The World Trade Organization (WTO) needs to keep building on its successes and guard against complacency following a historic June meeting, according to its director general.
Speaking at a meeting of the General Council, the highest decision-making body of the WTO, Ngozi Okonjo-Iweala this week called on the organisation’s members to build on the achievements from the 12th Ministerial Conference (MC12), held in Geneva in June 2022. She also urged members to step up efforts so that the organisation continues to respond to the challenges facing the global trading system.
Hard won victories
The Institute of Export & International Trade attended MC12 and its director general, Marco Forgione, echoed the WTO chief's clarion call. “The outcomes of MC12 were hard-won and it is vital that we continue to build upon these reforms without losing momentum,” he said.
The ministerial conference resulted in reform of the WTO’s dispute-settlement system, a food security agreement, and an extension of the E-commerce Moratorium.
The possibility of an end to the moratorium was a major concern for businesses, and would have resulted in the application of tariffs to digital trade in goods such as software, films and data, according to Reuters.
Forgione added: “now is the time to begin the hard work of implementing the commitments made last month in Geneva. Only by working together on these issues with consistent progress can we ensure the prosperity of international trade and sustainability of our planet.”
"Delivering results last month has generated expectations for more in the future," Okonjo-Iweala said.
The former Nigerian finance minister urged WTO members “not to be lulled into complacency” following the meeting and to begin carrying out the agreements as soon as possible.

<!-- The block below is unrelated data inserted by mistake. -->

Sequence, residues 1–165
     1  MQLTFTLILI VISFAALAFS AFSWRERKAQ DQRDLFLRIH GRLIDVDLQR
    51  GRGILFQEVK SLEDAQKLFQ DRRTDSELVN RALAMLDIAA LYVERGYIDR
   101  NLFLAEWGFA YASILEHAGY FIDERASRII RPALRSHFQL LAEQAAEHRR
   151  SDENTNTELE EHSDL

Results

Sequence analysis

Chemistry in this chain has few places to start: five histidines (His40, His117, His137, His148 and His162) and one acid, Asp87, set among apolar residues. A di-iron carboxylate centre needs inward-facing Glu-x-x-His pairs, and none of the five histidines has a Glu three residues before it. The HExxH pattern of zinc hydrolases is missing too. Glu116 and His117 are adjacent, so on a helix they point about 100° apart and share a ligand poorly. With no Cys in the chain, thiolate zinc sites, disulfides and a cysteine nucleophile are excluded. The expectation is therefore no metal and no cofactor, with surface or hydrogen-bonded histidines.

Okonjo-Iweala noted “wide support” for the food security agreement, calling on members "to work together to ensure that the WTO continuously and effectively contributes to addressing the current food crisis”.
Referring to a 15 July joint statement, issued by herself and the heads of four other intergovernmental organisations, the WTO chief called for urgent action to address the global food security crisis by facilitating trade and supporting international supply chains.
Politico reports that Japan, the US, and Australia have all supported her idea of a September retreat to re-launch agricultural negotiations, after discussions at MC12 failed to produce any progress on agricultural trade reform.
Chair of the General Council, Ambassador Didier Chambovey of Switzerland, reported that work is continuing after MC12.
Some WTO bodies have already met and possible follow-up and implementation work on MC12 mandates for the second half of 2022 have been discussed. This includes the Committee on Agriculture, the Committee on Sanitary and Phytosanitary (SPS) measures, the TRIPS Council and the Council for Trade in Goods.
"We should do what it takes to sustain the momentum," said Ambassador Chambovey. "I therefore would like to encourage relevant WTO bodies to establish work plans – where feasible – based on MC12 mandates that could serve as yet another useful tool in our implementation pursuit."
In an article co-authored with the heads of the UN Conference on Trade and Development (UNCTAD) and the International Trade Centre (ITC) – the three organisations making up the so-called ‘Geneva trade hub’ – Okonjo-Iweala said they had a belief in “a deep commitment to trade-led prosperity”.
The three trade leaders called for policymakers to make global trade greener, more inclusive, and more connected; in particular, to focus on regional arrangements like the African Continental Free Trade Area, to ensure they become stepping-stones to trade-led growth.
About the IOE&IT and the WTO Public Forum
The IOE&IT is proud to play its part in shaping the future of international trade.
The Institute will partner with the Enterprise for Management, Economic Reform and Gender Equality (EMERGE) to host a panel discussion on gender equality in international trade at the WTO Public Forum in September.
The session will be titled ‘Engendering gender equality in international trade: a discussion on inclusive trade policies and initiatives’ and will take place Friday, 30 September 2022 in room S3 of the WTO.